What made the hole in the International Space Station?

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Russian Federation will stop sending U.S. astronauts to the global space station in April 2019, - was announced today by the radio station "Kommersant FM 93,6".

The six-person crew is in no danger, NASA said.

This morning the crew gathered in the Russian segment of the Space Station before searching for the cause of the pressure change.

After some debate, Russian controllers agreed with NASA's team to take more time to investigate the leak.

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The source of the problem was traced back to a tiny tear in the shell of the Soyuz MS-09 capsule docked with the Rassvet module on the Russian side of the space station.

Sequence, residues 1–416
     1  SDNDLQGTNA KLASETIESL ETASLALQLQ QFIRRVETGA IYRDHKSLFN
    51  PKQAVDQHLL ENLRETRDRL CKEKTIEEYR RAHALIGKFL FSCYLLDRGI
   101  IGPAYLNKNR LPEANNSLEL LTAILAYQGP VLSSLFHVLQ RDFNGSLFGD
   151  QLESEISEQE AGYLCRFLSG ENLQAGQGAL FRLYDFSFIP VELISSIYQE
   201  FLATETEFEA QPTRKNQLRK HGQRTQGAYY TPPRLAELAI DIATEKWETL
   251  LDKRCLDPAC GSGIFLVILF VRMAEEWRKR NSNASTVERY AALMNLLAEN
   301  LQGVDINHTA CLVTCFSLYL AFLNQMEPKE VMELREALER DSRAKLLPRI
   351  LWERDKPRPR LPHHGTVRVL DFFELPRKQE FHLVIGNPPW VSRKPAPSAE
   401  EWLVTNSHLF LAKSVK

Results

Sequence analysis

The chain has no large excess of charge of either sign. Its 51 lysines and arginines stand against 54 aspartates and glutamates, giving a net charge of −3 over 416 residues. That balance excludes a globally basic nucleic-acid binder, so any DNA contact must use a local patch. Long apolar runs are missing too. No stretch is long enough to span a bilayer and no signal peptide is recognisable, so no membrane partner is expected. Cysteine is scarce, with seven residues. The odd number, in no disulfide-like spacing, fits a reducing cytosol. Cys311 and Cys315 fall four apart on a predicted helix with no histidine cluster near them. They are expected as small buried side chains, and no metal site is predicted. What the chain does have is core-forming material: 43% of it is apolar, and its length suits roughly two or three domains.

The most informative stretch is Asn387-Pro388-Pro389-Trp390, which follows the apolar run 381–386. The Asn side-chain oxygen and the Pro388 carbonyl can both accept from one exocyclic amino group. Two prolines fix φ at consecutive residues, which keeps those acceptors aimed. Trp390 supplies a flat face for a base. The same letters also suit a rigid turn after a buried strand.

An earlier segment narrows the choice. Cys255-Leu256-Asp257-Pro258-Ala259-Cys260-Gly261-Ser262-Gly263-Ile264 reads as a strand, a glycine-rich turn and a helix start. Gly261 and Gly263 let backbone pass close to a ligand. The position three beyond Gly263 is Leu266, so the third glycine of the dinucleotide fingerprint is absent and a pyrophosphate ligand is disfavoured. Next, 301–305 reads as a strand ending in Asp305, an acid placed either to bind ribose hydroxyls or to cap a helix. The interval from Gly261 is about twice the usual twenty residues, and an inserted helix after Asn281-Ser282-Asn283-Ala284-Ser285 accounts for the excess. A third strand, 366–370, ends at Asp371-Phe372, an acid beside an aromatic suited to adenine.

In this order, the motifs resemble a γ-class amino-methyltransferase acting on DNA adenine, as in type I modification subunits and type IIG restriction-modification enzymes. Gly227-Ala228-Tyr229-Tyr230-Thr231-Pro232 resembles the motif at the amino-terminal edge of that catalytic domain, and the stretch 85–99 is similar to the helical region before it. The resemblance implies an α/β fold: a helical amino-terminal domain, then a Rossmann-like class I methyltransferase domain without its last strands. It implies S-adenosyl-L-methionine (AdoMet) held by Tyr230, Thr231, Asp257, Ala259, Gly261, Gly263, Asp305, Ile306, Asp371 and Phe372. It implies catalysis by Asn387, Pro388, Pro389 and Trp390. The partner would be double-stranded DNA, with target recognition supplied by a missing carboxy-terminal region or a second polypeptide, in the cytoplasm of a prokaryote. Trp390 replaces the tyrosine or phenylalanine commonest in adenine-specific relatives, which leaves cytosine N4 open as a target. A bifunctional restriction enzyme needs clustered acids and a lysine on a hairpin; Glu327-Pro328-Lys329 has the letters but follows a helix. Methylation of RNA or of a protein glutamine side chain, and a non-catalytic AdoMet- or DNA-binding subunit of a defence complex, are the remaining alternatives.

A leak was detected aboard the International Space Station Wednesday night, but NASA said it was "minute" and posed no threat to the astronauts now aboard the station.

The hole is located in the upper, spherical section of the Soyuz, which does not return to Earth, according to NASA. Earlier, flight controllers tapped into the oxygen supply of a Russian cargo capsule to partially replenish the atmosphere in the station.

Russia's space agency Roscosmos said in a statement that "the safety and health of the crew are not threatened" following the incident. This leak is much smaller than the type of damage caused by space debris in the 2013 film which starred George Clooney and Sandra Bullock.

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The astronauts are now working with engineers on the ground to assess whether a more robust fix is needed.

"Although the leak is small, if it had not been spotted the crew would have run out of air in 18 days", the Daily Telegraph says.

NASA pays about $81 million per seat on the Soyuz to fly astronauts to and from the space station.

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